• California suction dredging
The California Department of Fish and Game (DFG) finally announced they are gathering information in preparation for updating suction dredge mining regulations. The last Environmental Impact Report on suction dredging was completed in 1994.
In December 2006, DFG was ordered by Alameda County Superior Court Judge Bonnie Sabraw in Karuk Tribe v. DFG to conduct a new Environmental Impact Study prior to making changes to current regulations. They were given 18 months to complete the task.
In this particular court case, the Karuk Tribe, backed by several environmental organizations, found that DFG was sympathetic to the Tribe’s goal of closing off several California rivers to dredging. DFG attempted to eliminate dredging in those waterways, but several mining organizations learned of the backroom deal and intervened.
So the Karuks tried a different tactic. They authored a bill that would accomplish the same goal and got Assemblywoman Lois Wolk to introduce the legislation. The bill, AB 1032, would have expanded restrictions to numerous waterways throughout the state and would have required the agency be able to show that no harm would come to various species before a suction dredge permit could be issued.
Despite intense efforts by miners and others, the bill passed. Miners also sent countless letters to Governor Schwarzenegger, outlining the mitigation measures already in place and extolling the benefits of suction dredging. Governor Schwarzenegger agreed that current restrictions are satisfactory and he vetoed the bill.
It appears the DFG was waiting for the outcome of AB 1032, hoping that the court-ordered EIR update would somehow go away if the bill passed. Eight months went by without any funds being allocated for the updated EIR.
Finally, on October 19, 2007, DFG published a notice seeking comments to update suction dredging regulations.
The agency has asked for comments on the following topics:
Whether suction dredge mining results in adverse impacts to the environment;
Whether suction dredge mining under the Department’s current regulations governing such activities results in deleterious effects to fish;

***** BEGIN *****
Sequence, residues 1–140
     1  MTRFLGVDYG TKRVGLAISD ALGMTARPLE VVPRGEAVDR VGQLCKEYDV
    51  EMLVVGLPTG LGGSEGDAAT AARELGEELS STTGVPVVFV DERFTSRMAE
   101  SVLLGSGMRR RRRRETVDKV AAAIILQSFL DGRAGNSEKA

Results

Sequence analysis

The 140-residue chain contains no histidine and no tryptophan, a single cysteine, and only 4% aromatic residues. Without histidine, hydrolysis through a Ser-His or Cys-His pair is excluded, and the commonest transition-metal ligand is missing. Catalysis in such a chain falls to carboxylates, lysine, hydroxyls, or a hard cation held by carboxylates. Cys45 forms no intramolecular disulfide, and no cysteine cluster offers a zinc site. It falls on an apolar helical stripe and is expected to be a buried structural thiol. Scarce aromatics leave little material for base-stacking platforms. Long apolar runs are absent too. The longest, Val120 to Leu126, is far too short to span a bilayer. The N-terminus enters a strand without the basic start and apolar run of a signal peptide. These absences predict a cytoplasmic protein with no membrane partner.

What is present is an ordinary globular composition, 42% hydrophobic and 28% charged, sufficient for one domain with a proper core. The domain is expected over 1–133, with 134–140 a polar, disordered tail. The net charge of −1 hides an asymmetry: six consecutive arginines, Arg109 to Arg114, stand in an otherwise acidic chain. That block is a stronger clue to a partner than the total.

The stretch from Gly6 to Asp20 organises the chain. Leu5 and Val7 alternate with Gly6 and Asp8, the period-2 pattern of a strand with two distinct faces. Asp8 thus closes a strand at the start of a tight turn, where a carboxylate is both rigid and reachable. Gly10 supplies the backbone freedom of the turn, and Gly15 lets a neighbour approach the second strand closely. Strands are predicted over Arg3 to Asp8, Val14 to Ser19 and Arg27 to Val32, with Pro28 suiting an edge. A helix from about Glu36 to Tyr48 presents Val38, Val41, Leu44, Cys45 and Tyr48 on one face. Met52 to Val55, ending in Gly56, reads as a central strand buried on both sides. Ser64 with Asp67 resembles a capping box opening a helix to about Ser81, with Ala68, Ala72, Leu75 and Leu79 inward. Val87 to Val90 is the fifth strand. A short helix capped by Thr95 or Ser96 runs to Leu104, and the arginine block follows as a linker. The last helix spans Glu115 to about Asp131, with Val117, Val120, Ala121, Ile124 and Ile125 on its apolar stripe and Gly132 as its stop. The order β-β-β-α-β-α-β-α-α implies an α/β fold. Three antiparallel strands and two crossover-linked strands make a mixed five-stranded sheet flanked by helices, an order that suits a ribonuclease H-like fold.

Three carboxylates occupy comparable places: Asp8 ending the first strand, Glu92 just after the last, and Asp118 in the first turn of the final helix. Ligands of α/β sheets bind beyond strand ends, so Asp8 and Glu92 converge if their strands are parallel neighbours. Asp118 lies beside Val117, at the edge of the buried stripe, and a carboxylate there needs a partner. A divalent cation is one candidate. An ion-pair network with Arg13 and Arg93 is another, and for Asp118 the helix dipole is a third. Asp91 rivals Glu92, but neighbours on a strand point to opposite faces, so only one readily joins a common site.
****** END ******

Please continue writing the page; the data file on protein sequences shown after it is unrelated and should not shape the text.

Whether there are changed circumstances or new information available since 1994 regarding suction dredge mining and the environment generally; and
Whether changed circumstances or new information available since 1994 indicates suction dredge mining under the Department’s existing regulations is resulting in new significant or substantially more severe environmental impacts than previously considered by the Department.
It’s interesting to note that all of their questions are posed with a negative slant. The agency could just as easily have asked whether suction dredge mining results in positive impacts to the environment.
The benefits are numerous. Suction dredging loosens compacted gravels for spawning beds, creates dissolved oxygen, removes mercury and other contaminates, creates cooler waters, and the dredgers themselves provide a boost to local economies. Dredgers are already subject to nozzle size and seasonal restrictions to mitigate possible adverse impacts to fish and the environment.
All comments or other information should be submitted in writing by December 18, 2007.
Comments submitted via regular mail should be sent to:
California Dept. of Fish and Game
Attn: Suction Dredge Mining Program
1416 Ninth Street, 12th Floor
Sacramento, CA 95814
Comments can also be submitted via email to: SuctionDredgeMining@dfg.ca.gov
• HR 2262
Congressman Nick Rahall’s Hardrock Mining and Reclamation Act of 2007 passed the House of Representatives on November 1.
Though the bill passed the House, it does not appear to have the same support in the Senate.
The version passed would place a 4% net royalty on existing mines and an 8% net royalty on new mines. Public lands could be placed off-limits to mining if another use is preferred by a state, government agency or tribe, permanently eliminate patenting, and place a host of new environmental restrictions on miners.
The Bush administration has already threatened to veto the bill, but there is only a year left on President Bush’s term. If the Senate does not act on the bill in 2008, we most certainly will see it come up again in 2009.
Senate Majority Leader Harry Reid has publicly stated he cannot support the House version of the bill but he believes “… the opportunity still exists for common sense reform. It is in no one’s interest to leave the regulation of this important industry to the whims of each passing Administration, as is the case today.”